So what I find appalling is that this woman is being used to promote legislation to legalize assisted suicide. Brittany Maynard is defiantly trending with the media is glamorizing this situation. Washington Post says:
Maynard is using her last days to help for others in similar situations, volunteering for Compassion & Choices, an advocacy organization for terminally-ill patients in California, Colorado, Connecticut, Massachusetts and New Jersey. She has launched the Brittany Maynard Fund to fight for death-with-dignity laws in other states. Later this month, she plans to videotape a testimony for California lawmakers and voters, People reported.This is what I find disturbing...she is being used as a fund raiser.I wonder if I had received this diagnosis would I enjoy the bevy of publicity I was getting. Everyone loves attention or would I want to spend my precious days with family and loved ones.
My husband and I both lost our previous spouses to this very same brain tumor. They both sought treatments and were surrounded by family and loved ones when they passed.Their passing was peaceful. The time between diagnosis and death was precious. Anyone who attended loved ones with a terminal illness will agree. We discussed the story at the dinner table. He rightly pointed out that she can forego any treatment, die at home, surrounded by family, be pain free with assistance from hospice. Putting moral and religious significance aside, why glamorize suicide in this way?
[Oregon] along with [f]our other states — Montana, New Mexico, Vermont and Washington — have similar laws [legalizing assisted suicide]. Bills have been introduced in seven other states.Yep, that is what this is all about. I wanted to look for other opinions on this case since most of the press was fawning and glamorizing her planned suicide on November 1, two days after her husband's birthday. This headline, When Assisted Suicide is not the Answer by a physician caught my eye. He talked about real life cases and his ethical struggle to aid his patient and remain true to his oath.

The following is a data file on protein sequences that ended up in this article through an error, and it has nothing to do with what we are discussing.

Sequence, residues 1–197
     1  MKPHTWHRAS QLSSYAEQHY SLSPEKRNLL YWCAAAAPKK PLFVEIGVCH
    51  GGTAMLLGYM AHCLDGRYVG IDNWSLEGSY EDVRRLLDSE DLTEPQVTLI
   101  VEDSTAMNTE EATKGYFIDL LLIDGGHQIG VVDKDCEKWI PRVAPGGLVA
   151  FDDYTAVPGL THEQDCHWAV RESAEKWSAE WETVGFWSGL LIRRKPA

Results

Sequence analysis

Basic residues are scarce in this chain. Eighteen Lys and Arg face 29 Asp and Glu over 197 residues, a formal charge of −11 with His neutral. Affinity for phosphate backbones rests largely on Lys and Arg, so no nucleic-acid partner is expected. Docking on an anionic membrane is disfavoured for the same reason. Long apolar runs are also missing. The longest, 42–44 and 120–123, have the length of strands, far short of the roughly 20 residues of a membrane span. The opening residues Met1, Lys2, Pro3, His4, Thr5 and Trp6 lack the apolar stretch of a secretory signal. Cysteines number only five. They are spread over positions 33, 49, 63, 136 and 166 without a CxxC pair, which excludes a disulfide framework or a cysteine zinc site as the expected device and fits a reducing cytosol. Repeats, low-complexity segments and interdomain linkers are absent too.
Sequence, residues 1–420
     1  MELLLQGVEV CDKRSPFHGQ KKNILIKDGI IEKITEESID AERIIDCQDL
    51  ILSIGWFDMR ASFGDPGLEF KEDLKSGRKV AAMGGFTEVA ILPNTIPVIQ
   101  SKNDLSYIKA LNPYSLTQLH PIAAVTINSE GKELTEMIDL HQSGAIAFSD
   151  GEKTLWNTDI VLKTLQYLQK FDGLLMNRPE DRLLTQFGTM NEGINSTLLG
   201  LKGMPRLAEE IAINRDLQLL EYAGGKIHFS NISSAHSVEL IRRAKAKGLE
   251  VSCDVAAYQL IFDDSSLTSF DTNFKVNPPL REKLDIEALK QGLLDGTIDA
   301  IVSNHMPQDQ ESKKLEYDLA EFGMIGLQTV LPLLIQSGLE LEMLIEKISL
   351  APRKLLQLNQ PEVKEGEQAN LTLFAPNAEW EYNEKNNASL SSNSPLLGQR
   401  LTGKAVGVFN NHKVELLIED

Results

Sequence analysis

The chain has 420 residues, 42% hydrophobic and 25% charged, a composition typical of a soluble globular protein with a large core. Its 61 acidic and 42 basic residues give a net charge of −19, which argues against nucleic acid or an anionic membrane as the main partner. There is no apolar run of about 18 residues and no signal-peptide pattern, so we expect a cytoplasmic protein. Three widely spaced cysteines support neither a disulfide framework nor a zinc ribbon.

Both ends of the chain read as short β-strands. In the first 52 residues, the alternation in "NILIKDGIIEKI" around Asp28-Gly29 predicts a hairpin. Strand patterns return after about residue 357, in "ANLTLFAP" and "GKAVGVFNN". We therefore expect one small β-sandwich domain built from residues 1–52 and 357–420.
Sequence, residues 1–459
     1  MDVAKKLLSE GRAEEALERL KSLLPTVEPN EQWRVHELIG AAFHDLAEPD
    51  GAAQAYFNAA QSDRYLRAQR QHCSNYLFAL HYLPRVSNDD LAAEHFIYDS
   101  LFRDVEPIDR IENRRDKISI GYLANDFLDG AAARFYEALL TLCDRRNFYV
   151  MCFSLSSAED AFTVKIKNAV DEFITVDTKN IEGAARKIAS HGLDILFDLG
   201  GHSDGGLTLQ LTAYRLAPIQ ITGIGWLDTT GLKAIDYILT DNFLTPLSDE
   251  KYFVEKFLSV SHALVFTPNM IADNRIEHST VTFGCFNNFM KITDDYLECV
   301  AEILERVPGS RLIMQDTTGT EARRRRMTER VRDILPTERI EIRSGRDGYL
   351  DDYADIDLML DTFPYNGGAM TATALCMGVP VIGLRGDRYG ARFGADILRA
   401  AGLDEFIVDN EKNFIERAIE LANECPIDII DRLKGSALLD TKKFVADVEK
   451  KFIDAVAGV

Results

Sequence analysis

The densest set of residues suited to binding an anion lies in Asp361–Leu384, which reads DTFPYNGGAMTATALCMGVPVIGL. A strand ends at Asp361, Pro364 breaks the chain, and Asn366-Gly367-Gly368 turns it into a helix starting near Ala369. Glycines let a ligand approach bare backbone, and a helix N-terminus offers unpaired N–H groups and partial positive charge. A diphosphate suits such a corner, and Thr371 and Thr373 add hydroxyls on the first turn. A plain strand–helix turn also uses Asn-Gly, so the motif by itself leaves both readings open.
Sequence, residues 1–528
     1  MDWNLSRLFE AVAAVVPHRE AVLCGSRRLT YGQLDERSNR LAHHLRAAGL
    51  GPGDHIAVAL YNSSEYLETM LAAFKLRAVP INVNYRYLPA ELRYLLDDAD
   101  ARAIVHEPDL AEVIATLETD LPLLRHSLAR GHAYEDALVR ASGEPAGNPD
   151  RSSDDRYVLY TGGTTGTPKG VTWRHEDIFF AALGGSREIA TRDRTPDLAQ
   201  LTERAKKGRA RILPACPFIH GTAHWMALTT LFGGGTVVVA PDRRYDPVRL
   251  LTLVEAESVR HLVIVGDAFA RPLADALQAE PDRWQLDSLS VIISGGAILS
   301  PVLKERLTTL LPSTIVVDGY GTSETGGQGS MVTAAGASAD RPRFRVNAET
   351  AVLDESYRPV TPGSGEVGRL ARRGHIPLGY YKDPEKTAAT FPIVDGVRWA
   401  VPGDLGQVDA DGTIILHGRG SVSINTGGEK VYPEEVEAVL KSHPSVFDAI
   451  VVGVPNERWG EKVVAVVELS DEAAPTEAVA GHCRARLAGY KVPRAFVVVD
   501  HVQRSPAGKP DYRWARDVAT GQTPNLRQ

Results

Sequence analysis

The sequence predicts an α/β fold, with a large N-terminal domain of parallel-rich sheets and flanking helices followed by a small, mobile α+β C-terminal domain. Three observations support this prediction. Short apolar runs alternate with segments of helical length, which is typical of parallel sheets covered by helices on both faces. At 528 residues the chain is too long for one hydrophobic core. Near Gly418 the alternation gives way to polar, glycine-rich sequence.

However, I still believe that for most terminally ill patients, hospice care is a better option than assisted suicide. Hospice offers team-based care with family involvement, often in a patient's home, that focuses on pain management and dying with some comfort and dignity.Yah... I said...then read his conclusion....
Unlike hospice care, assisted suicide is obviously a final and irreversible act. Ruling out the presence of clinical depression that may cloud a patient's judgment is not always straightforward. When depression lifts, the desire to die often lifts too. Only between 10% and 15% of people who attempt suicide eventually die by their own hands, suggesting that the desire to die is often changeable.Still okay with this article but then one of the final sentences sent a chill down my spine...
As a doctor, I would like assisted suicide to be safe and available, but rare.